This	command	is not applicable to spares or cache devices.

	   -e	 Expand	 the  device to	use all	available space. If the	device
		 is part of a mirror or	raidz then all	devices	 must  be  ex-
		 panded	 before	 the  new  space  will become available	to the
		 pool.

       zpool remove pool device	...

	   Removes the specified device	from the pool. This command  currently
	   only	 supports  removing hot	spares,	cache, and log devices.	A mir-
	   rored log device can	be removed by specifying the top-level	mirror
	   for the log.	Non-log	devices	that are part of a mirrored configura-
	   tion	can be removed using the zpool detach  command.	 Non-redundant
	   and raidz devices cannot be removed from a pool.

       zpool replace [-f] pool old_device [new_device]

	   Replaces  old_device	with new_device. This is equivalent to attach-
	   ing new_device, waiting for it  to  resilver,  and  then  detaching
	   old_device.

	   The size of new_device must be greater than or equal	to the minimum
	   size	of all the devices in a	mirror or raidz	configuration.

	   new_device is required if the pool is not redundant.	If  new_device
	   is  not specified, it defaults to old_device. This form of replace-
	   ment	is useful after	an existing disk has failed and	has been phys-
	   ically  replaced.  In  this	case,  the  new	disk may have the same
	   /dev/dsk path as the	old device, even though	it is actually a  dif-
	   ferent disk.	ZFS recognizes this.

	   -f	 Forces	 use  of new_device, even if its appears to be in use.
		 Not all devices can be	overridden in this manner.

       zpool scrub [-s]	pool ...

	   Begins a scrub. The scrub examines all data in the specified	 pools
	   to  verify  that  it	checksums correctly. For replicated (mirror or
	   raidz) devices, ZFS automatically  repairs  any  damage  discovered
	   during  the	scrub. The "zpool status" command reports the progress
	   of the scrub	and summarizes the results of the scrub	 upon  comple-
	   tion.

	   Scrubbing  and resilvering are very similar operations. The differ-
	   ence	is that	resilvering only examines data that ZFS	 knows	to  be
	   out	of  date (for example, when attaching a	new device to a	mirror
	   or replacing	an existing device), whereas  scrubbing	 examines  all
	   data	to discover silent errors due to hardware faults or disk fail-
	   ure.

	   Because scrubbing and resilvering are I/O-intensive operations, ZFS
	   only	 allows	 one at	a time.	If a scrub is already in progress, the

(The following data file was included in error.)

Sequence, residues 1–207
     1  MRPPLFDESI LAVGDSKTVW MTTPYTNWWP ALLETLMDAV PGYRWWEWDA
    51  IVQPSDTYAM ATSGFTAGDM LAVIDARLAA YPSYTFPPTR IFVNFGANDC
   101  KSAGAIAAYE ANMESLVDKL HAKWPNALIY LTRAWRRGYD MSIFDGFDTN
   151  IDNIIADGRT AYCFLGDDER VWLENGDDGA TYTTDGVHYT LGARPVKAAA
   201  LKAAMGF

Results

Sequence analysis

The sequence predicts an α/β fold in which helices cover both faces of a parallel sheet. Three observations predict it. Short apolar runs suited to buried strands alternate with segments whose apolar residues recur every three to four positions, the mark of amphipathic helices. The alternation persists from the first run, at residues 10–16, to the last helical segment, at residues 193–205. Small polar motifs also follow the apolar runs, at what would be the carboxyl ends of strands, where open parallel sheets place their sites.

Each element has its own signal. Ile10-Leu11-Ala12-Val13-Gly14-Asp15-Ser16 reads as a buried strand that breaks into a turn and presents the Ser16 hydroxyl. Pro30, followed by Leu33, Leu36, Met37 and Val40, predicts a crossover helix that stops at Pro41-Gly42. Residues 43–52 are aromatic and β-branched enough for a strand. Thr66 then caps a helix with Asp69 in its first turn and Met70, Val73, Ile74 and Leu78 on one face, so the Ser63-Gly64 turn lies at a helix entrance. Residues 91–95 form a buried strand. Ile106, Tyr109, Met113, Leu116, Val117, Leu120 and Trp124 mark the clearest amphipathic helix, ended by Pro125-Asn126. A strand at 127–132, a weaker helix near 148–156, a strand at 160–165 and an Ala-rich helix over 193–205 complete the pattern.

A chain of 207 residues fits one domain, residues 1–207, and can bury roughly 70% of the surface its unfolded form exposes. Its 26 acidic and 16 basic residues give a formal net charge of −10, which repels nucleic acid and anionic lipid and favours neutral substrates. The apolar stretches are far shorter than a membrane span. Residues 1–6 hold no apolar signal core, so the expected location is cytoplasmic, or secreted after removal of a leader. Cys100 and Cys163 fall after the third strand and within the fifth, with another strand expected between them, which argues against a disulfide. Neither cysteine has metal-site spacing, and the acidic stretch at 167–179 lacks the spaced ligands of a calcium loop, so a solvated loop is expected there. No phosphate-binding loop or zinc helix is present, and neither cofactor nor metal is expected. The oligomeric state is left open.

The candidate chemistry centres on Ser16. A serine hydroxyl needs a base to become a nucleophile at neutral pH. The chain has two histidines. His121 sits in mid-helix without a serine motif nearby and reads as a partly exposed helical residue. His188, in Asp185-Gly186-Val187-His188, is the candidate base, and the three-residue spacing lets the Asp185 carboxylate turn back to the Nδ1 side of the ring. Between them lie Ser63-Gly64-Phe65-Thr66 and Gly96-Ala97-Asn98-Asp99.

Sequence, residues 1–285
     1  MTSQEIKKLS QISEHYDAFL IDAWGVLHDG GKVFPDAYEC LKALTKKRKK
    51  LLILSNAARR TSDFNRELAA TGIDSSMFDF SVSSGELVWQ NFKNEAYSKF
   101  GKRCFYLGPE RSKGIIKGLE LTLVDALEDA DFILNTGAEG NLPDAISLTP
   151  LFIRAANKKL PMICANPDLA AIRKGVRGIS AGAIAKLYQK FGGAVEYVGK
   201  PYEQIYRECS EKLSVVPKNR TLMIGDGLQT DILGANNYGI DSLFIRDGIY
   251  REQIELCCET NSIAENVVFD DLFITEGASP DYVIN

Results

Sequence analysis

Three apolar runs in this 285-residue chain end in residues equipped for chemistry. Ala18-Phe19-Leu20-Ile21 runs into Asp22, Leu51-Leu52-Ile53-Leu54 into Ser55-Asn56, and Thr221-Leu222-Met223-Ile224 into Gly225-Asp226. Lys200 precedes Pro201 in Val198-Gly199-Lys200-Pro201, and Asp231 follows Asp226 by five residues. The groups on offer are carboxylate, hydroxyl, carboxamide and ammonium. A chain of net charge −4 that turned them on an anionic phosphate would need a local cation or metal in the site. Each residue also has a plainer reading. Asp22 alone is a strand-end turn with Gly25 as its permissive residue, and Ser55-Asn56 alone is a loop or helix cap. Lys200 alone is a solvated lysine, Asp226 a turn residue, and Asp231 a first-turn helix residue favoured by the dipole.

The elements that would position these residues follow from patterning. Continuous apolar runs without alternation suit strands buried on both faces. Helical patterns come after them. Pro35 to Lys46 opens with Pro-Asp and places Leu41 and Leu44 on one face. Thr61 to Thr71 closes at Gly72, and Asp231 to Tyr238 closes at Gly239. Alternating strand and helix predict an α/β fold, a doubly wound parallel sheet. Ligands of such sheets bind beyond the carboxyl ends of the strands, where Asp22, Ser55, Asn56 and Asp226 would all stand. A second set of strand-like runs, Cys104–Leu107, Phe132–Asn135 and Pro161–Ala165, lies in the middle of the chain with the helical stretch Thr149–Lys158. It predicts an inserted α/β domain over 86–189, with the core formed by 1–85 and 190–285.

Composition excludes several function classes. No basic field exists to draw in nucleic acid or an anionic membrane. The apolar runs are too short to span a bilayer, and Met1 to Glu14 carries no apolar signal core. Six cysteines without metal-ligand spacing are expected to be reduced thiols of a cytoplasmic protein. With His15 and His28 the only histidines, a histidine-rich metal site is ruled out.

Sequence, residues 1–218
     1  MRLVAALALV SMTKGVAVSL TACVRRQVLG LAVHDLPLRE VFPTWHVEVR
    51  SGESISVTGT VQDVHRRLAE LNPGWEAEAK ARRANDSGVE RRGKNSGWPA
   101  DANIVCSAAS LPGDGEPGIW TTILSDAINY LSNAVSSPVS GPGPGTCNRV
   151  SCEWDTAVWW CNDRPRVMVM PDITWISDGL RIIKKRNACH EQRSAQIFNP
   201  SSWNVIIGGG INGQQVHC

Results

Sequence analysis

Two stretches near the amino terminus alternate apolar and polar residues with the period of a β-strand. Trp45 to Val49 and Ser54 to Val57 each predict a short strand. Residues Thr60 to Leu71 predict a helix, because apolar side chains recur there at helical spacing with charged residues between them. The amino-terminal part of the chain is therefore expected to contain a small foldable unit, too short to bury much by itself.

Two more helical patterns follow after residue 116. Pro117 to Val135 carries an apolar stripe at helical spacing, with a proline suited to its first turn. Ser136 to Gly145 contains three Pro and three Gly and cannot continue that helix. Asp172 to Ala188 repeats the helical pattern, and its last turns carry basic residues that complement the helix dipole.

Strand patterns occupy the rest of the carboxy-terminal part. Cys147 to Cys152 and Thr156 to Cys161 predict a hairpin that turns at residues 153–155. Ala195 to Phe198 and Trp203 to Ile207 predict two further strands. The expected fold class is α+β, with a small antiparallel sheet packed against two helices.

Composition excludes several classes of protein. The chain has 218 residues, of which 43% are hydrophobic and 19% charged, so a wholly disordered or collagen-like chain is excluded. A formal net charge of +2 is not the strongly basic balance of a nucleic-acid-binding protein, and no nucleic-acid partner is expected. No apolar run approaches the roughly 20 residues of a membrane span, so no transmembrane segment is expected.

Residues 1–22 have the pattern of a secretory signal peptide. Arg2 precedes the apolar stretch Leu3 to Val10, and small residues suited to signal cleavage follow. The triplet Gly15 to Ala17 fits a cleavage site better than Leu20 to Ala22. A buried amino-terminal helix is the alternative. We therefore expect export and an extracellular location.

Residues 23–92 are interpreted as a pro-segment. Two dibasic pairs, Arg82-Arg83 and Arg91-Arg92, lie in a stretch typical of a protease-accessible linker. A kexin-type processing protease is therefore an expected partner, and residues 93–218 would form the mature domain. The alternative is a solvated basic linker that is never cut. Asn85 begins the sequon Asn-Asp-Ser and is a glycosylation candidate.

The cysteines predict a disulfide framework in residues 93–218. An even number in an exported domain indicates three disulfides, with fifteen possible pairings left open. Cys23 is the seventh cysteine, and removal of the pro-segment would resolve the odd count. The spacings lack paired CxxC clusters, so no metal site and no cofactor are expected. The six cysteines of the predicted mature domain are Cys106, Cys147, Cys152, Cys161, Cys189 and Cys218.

"zpool scrub" command terminates it and starts a new	 scrub.	 If  a
	   resilver  is	 in progress, ZFS does not allow a scrub to be started
	   until the resilver completes.

	   -s	 Stop scrubbing.

       zpool set property=value	pool

	   Sets	the given property on the specified pool. See the "Properties"
	   section  for	more information on what properties can	be set and ac-
	   ceptable values.

       zpool status [-xv] [pool] ...

	   Displays the	detailed health	status for the given pools. If no pool
	   is  specified,  then	 the status of each pool in the	system is dis-
	   played. For more information	on pool	and  device  health,  see  the
	   "Device Failure and Recovery" section.

	   If  a  scrub	 or  resilver is in progress, this command reports the
	   percentage done and the estimated time to completion. Both of these
	   are	only  approximate,  because the	amount of data in the pool and
	   the other workloads on the system can change.

	   -x	 Only display status for pools that are	exhibiting  errors  or
		 are otherwise unavailable.

	   -v	 Displays  verbose data	error information, printing out	a com-
		 plete list of all data	errors since the  last	complete  pool
		 scrub.

       zpool upgrade

	   Displays all	pools formatted	using a	different ZFS on-disk version.
	   Older versions can continue to be used, but some features  may  not
	   be available. These pools can be upgraded using "zpool upgrade -a".
	   Pools that are formatted with a more	recent version are  also  dis-
	   played, although these pools	will be	inaccessible on	the system.

       zpool upgrade -v

	   Displays  ZFS  versions supported by	the current software. The cur-
	   rent	ZFS versions and all  previous	supported  versions  are  dis-
	   played,  along  with	 an  explanation of the	features provided with
	   each	version.

       zpool upgrade [-V version] -a | pool ...

	   Upgrades the	given pool to the latest on-disk version. Once this is
	   done,  the  pool  will  no  longer be accessible on systems running
	   older versions of the software.

	   -a		 Upgrades all pools.

	   -V version	 Upgrade to the	specified version. If the -V  flag  is
			 not  specified,  the pool is upgraded to the most re-
			 cent version. This option can only  be	 used  to  in-
			 crease	 the  version  number, and only	up to the most
			 recent	version	supported by this software.

EXAMPLES
       Example 1 Creating a RAID-Z Storage Pool

       The following command creates a pool with a single raidz	root vdev that
       consists	of six disks.

	 # zpool create	tank raidz c0t0d0 c0t1d0 c0t2d0	c0t3d0 c0t4d0 c0t5d0

       Example 2 Creating a Mirrored Storage Pool

       The  following command creates a	pool with two mirrors, where each mir-
       ror contains two	disks.

	 # zpool create	tank mirror c0t0d0 c0t1d0 mirror c0t2d0	c0t3d0

       Example 3 Creating a ZFS	Storage	Pool by	Using Slices